When the serpents in our lives say, “Did God really say…?” Let’s be the first on our block to declare, “No, God did not!” Because Eve didn’t remember the words of God’s one commandment accurately, she left herself wide open for temptation to rush in. Studying, even memorizing, verses from the Bible gives us the strength to say no because we know.
I have hidden your word in my heart,
that I might not sin against you.
Psalm 119:11 (NLT)
Watch Out For The Big Three
Women are physical, emotional, and spiritual in nature, and all three areas have their weak spots. In Eve’s case, the serpent sank his fangs into all three, by appealing to her physical appetite for food, her emotional appreciation of beauty, and her spiritual desire to be like God. Satan uses exactly the same tactics today. He’s not creative in the least, just persistent. By identifying our weaknesses in all three areas, then arming ourselves with biblical defense methods, we can keep from experiencing our own daily (hourly!) reenactment of the Fall.
All the things the world can offer to you—the allure of pleasure, the passion to have things, and the pompous sense of superiority—do not come from the Father. These are the rotten fruits of this world.
1 John 2:16 (VOICE)
Let’s Avoid The Blame Game
Shifting blame is practically a pastime.
So whom shall we blame for our proclivity to sin?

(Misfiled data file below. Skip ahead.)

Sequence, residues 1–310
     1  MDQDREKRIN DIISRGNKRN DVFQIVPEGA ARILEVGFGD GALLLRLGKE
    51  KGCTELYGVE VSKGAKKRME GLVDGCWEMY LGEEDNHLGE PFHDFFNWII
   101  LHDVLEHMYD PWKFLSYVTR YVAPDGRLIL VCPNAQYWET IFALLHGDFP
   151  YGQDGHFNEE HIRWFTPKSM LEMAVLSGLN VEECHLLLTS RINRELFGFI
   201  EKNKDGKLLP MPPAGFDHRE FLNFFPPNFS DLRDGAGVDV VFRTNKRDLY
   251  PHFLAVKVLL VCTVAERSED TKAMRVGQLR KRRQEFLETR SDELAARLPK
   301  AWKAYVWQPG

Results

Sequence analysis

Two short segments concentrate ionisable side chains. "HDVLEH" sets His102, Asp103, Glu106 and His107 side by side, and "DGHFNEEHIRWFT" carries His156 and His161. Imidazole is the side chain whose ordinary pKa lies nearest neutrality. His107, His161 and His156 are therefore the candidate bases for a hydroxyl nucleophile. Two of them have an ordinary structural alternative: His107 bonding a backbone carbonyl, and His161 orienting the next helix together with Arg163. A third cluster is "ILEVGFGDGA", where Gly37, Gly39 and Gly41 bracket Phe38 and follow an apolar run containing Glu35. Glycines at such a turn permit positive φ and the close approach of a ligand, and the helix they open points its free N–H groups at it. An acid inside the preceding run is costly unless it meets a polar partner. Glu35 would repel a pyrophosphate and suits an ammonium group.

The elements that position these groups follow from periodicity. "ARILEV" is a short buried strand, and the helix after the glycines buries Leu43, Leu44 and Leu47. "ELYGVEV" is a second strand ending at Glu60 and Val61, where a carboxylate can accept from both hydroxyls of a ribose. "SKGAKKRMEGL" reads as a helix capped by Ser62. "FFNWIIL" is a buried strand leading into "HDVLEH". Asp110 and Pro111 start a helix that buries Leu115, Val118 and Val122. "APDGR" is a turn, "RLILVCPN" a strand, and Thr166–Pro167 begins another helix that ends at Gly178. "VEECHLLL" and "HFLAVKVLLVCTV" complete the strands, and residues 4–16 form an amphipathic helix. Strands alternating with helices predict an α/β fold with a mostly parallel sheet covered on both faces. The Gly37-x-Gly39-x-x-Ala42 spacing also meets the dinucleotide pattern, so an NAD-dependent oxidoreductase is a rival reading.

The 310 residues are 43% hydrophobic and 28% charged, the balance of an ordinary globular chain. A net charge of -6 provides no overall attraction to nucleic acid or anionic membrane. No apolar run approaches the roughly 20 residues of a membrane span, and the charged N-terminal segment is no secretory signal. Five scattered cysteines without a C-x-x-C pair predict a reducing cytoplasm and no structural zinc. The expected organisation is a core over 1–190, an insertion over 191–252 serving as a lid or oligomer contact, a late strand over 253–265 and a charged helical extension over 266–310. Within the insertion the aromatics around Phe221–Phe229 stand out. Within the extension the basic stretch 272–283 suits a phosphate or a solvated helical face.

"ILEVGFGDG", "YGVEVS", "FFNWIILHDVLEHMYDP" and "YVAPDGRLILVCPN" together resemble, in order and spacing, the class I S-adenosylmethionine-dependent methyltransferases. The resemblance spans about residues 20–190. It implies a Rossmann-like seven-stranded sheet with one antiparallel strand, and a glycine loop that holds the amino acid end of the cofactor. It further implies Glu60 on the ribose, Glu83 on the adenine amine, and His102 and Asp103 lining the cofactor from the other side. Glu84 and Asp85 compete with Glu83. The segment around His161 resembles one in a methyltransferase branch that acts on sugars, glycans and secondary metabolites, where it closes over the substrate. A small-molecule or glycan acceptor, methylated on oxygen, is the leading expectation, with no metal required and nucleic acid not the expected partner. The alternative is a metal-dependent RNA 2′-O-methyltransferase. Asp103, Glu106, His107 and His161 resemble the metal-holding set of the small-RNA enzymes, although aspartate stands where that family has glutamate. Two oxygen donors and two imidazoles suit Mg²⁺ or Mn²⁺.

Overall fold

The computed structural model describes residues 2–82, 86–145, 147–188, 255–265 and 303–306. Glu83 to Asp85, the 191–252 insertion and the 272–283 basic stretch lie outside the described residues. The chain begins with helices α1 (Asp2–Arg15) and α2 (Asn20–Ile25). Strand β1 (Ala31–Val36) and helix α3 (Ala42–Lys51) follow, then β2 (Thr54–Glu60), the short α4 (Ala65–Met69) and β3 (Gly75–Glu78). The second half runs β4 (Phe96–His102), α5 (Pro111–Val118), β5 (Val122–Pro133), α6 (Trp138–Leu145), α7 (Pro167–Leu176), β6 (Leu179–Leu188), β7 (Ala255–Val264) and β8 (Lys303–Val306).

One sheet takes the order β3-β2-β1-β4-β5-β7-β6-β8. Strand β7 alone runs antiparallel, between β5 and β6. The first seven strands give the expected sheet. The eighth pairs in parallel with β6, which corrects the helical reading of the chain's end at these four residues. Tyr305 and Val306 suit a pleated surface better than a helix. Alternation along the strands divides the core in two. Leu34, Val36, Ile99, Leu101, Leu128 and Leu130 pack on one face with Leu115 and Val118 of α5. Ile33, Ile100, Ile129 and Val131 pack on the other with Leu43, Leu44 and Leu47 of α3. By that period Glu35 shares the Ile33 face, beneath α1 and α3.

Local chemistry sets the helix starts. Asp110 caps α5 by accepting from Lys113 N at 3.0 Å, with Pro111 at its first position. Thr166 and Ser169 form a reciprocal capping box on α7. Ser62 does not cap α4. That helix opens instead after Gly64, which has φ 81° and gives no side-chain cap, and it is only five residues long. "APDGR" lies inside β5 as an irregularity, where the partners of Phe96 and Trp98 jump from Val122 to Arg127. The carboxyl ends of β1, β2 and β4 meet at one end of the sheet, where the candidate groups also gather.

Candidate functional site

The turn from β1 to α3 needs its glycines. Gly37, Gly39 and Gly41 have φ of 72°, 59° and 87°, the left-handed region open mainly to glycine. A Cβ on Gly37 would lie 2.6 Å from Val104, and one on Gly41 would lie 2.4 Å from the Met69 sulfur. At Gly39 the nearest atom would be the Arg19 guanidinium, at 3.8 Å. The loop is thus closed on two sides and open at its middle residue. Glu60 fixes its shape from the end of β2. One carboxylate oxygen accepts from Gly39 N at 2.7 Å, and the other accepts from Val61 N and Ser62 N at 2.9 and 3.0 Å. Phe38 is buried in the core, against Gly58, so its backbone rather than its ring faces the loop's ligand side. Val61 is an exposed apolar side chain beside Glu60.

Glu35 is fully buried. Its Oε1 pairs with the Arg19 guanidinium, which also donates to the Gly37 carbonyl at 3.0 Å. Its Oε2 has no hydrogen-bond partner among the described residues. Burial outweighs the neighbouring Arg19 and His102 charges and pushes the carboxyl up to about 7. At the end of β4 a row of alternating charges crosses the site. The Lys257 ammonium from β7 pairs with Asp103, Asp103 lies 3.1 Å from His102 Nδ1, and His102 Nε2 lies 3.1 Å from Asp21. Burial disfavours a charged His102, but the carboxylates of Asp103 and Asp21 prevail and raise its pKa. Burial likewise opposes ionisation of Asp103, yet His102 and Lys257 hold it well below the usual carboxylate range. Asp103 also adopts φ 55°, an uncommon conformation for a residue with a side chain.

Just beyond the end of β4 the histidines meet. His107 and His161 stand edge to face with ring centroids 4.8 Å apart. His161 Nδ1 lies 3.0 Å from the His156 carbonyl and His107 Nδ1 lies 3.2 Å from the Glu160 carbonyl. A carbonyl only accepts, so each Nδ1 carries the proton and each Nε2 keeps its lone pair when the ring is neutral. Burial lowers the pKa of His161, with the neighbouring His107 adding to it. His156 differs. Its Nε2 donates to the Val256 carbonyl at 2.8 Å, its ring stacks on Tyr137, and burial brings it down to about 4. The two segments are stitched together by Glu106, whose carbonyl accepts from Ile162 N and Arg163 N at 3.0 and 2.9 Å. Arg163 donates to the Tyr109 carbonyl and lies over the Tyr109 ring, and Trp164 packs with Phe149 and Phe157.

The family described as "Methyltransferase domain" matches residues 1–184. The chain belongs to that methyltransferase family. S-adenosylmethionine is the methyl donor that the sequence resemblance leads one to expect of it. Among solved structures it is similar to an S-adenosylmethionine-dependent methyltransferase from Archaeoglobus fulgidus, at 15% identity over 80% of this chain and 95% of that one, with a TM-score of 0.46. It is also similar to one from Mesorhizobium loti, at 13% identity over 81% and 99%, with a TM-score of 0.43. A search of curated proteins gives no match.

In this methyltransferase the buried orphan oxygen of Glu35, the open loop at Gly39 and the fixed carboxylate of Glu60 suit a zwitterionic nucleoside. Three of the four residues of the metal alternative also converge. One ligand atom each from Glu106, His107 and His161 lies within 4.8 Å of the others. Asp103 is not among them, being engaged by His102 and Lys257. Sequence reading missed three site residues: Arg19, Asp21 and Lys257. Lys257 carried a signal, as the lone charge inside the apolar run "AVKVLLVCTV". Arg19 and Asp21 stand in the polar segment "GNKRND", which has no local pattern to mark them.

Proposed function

Want to go all the way back to Eve?
Or take a page from Adam’s diary and blame God – “It’s your fault, Lord. You made me this way!” No. God gave us his Spirit to empower us, his word to strengthen us, and his Son to catch us when we fall. We have no one to blame but ourselves when we choose to sin. And no want to thank but our Creator when he chooses to save us from our sins… again.
Oh, what a miserable person I am! Who will free me from this life that is dominated by sin and death? Thank God! The answer is in Jesus Christ our Lord. So you see how it is: In my mind I really want to obey God’s law, but because of my sinful nature I am a slave to sin.
Romans 7:24-25 (NLT)
Excerpt taken from the book, “Bad Girls of the Bible: And What We Can Learn From Them.”
The Freedom Of Choice
The early chapters of Genesis are presented as the account of our first parents, but they also tell the reader that human beings, meant to live for the glory of God by obedience to and in dependence upon him, have freedom to choose. If they choose wrongly, there can be forgiveness and reinstatement with the loving Creator-God through repentance and turning to him with faith in his mercy and provision of salvation.
We have quoted men and women whose diligent study is leading to lessening of the blame that traditionally has fallen on Mother Eve. The worldwide abuse of women and girls in our day is enormous and tragic. Satan is still the archenemy of the woman, and in different ways, of the man. The woman is vulnerable through an acquired inferior status and through her nurturing nature. Christ was invariably her champion and encourager in his days on earth; and through his servants marked change in attitude and conduct has, and is continuing, to take place in many cultures. God haste the day when His Church will fully demonstrate the equality and mutual love of its sons and daughters for all the world to see.